Molecular Characterization and Stress Tolerance Evaluation of New Allotetraploid Somatic Hybrids Between Carrizo Citrange and Citrus macrophylla W. rootstocks
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AuthorRuíz, Marta; Pensabene-Bellavia, Giovanni; Quiñones, Ana; García-Lor, Andrés; Morillon, Raphael; Ollitrault, Patrick; Primo-Millo, Eduardo; Navarro, Luís; Aleza, Pablo
Cita bibliográficaRuiz M, Pensabene-Bellavia G, Quiñones A, García-Lor A, Morillon R, Ollitrault P, Primo-Millo E, Navarro L and Aleza P (2018) Molecular Characterization and Stress Tolerance Evaluation of New Allotetraploid Somatic Hybrids Between Carrizo Citrange and Citrus macrophylla W. rootstocks. Front. Plant Sci. 9:901.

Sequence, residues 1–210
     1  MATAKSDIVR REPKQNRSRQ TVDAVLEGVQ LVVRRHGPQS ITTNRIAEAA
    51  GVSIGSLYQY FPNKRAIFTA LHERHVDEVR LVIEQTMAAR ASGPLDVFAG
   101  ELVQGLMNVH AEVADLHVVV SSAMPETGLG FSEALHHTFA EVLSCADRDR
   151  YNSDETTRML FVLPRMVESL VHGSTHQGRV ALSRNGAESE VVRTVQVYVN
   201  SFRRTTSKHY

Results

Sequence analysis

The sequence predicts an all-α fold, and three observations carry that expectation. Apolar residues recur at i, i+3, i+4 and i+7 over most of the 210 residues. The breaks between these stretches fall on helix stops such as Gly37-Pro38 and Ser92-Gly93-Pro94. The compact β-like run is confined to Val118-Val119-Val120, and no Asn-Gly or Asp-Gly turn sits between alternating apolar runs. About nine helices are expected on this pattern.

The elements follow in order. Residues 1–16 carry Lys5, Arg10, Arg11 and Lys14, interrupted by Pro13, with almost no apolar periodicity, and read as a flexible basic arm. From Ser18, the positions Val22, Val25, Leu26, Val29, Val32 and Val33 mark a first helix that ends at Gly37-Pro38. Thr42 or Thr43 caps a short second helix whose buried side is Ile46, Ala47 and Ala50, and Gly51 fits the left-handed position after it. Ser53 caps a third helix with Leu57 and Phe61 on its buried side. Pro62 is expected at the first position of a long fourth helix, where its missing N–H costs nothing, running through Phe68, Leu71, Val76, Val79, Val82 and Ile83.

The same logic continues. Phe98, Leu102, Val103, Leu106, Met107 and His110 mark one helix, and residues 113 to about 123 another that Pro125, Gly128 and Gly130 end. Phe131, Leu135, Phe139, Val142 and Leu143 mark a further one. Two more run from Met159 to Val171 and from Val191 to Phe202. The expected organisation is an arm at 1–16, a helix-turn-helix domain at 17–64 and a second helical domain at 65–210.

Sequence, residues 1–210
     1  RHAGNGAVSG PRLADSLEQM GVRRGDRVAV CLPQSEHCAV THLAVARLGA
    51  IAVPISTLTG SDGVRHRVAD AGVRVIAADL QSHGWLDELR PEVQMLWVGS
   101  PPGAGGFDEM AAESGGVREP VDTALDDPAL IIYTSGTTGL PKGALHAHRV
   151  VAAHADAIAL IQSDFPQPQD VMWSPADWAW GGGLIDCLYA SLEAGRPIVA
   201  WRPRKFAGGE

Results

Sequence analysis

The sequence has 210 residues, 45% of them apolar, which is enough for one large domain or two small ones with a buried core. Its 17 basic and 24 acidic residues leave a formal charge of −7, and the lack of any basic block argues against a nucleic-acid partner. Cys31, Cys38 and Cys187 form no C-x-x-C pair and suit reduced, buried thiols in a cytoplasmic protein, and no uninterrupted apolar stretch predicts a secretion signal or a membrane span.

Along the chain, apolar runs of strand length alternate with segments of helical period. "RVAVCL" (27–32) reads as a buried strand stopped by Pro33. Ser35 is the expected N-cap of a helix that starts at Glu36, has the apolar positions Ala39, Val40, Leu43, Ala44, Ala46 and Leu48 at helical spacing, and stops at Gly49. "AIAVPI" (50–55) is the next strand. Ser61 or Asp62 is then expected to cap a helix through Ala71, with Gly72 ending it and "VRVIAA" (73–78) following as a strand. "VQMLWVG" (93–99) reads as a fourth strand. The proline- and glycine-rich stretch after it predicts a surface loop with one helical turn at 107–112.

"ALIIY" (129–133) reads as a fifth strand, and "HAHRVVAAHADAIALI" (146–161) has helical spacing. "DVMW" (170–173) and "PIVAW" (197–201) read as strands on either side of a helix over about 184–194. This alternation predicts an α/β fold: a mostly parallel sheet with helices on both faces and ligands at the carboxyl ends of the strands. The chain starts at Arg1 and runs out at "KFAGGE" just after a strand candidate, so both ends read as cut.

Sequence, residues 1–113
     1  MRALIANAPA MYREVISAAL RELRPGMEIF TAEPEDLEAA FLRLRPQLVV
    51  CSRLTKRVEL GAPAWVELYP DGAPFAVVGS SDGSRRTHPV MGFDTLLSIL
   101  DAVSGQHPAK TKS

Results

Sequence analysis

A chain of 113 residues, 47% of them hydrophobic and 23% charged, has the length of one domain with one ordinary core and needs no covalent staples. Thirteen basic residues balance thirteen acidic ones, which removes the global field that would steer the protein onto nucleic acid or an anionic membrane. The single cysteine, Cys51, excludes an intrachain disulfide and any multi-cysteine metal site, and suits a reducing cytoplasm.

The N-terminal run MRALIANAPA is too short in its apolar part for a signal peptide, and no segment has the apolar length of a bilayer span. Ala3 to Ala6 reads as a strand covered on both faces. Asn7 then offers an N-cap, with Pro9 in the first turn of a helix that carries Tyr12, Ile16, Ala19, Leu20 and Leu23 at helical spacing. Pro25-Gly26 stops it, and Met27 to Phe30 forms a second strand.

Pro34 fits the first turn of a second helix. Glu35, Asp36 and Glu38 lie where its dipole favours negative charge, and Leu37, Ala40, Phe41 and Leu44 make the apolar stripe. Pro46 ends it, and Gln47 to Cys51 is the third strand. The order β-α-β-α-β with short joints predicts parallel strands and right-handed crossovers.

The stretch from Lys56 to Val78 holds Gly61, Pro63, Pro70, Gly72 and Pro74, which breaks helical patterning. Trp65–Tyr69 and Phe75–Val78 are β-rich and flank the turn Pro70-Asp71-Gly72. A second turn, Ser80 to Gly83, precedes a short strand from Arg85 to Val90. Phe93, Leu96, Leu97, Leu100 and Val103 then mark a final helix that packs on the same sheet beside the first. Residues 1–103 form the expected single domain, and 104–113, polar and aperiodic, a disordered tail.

Polyploidy is one of the main forces that drives the evolution of plants and provides great advantages for breeding. Somatic hybridization by protoplast fusion is used in citrus breeding programs. This method allows combining the whole parental genomes in a single genotype, adding complementary dominant characters, regardless of parental heterozygosity. It also contributes to surpass limitations imposed by reproductive biology and quickly generates progenies that combine the required traits. Two allotetraploid somatic hybrids recovered from the citrus rootstocks—Citrus macrophylla (CM) and Carrizo citrange (CC)—were characterized for morphology, genome composition using molecular markers (SNP, SSR, and InDel), and their tolerance to iron chlorosis, salinity, and Citrus tristeza virus (CTV). Both hybrids combine the whole parental genomes even though the loss of parental alleles was detected in most linkage groups. Mitochondrial genome was inherited from CM in both the hybrids, whereas recombination was observed for chloroplastic genome. Thus, somatic hybrids differ from each other in their genome composition, indicating that losses and rearrangements occurred during the fusion process. Both inherited the tolerance to stem pitting caused by CTV from CC, are tolerant to iron chlorosis such as CM, and have a higher tolerance to salinity than the sensitive CC. These hybrids have potential as improved rootstocks to grow citrus in areas with calcareous and saline soils where CTV is present, such as the Mediterranean region. The provided knowledge on the effects of somatic hybridization on the genome composition, anatomy, and physiology of citrus rootstocks will be key for breeding programs that aim to address current and future needs of the citrus industry.